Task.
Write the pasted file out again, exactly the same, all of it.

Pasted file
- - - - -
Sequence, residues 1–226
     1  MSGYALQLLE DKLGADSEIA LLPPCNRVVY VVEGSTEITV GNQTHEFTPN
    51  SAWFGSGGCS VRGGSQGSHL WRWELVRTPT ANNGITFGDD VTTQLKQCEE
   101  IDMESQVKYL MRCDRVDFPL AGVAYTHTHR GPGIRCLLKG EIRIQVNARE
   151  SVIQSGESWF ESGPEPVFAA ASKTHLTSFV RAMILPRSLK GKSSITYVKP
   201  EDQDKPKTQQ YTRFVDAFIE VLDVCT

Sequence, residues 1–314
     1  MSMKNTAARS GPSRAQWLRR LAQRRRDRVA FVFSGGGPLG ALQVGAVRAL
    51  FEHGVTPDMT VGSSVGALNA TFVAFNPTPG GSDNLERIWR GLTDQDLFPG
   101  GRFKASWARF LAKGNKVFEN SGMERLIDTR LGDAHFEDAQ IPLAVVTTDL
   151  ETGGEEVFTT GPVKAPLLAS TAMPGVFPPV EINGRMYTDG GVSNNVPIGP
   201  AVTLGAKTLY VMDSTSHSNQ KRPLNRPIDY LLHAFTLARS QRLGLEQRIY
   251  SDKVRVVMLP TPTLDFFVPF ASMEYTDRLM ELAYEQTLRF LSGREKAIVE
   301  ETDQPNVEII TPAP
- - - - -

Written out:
Sequence, residues 1–226
     1  MSGYALQLLE DKLGADSEIA LLPPCNRVVY VVEGSTEITV GNQTHEFTPN
    51  SAWFGSGGCS VRGGSQGSHL WRWELVRTPT ANNGITFGDD VTTQLKQCEE
   101  IDMESQVKYL MRCDRVDFPL AGVAYTHTHR GPGIRCLLKG EIRIQVNARE
   151  SVIQSGESWF ESGPEPVFAA ASKTHLTSFV RAMILPRSLK GKSSITYVKP
   201  EDQDKPKTQQ YTRFVDAFIE VLDVCT

Sequence, residues 1–314
     1  MSMKNTAARS GPSRAQWLRR LAQRRRDRVA FVFSGGGPLG ALQVGAVRAL
    51  FEHGVTPDMT VGSSVGALNA TFVAFNPTPG GSDNLERIWR GLTDQDLFPG
   101  GRFKASWARF LAKGNKVFEN SGMERLIDTR LGDAHFEDAQ IPLAVVTTDL
   151  ETGGEEVFTT GPVKAPLLAS TAMPGVFPPV EINGRMYTDG GVSNNVPIGP
   201  AVTLGAKTLY VMDSTSHSNQ KRPLNRPIDY LLHAFTLARS QRLGLEQRIY
   251  SDKVRVVMLP TPTLDFFVPF ASMEYTDRLM ELAYEQTLRF LSGREKAIVE
   301  ETDQPNVEII TPAP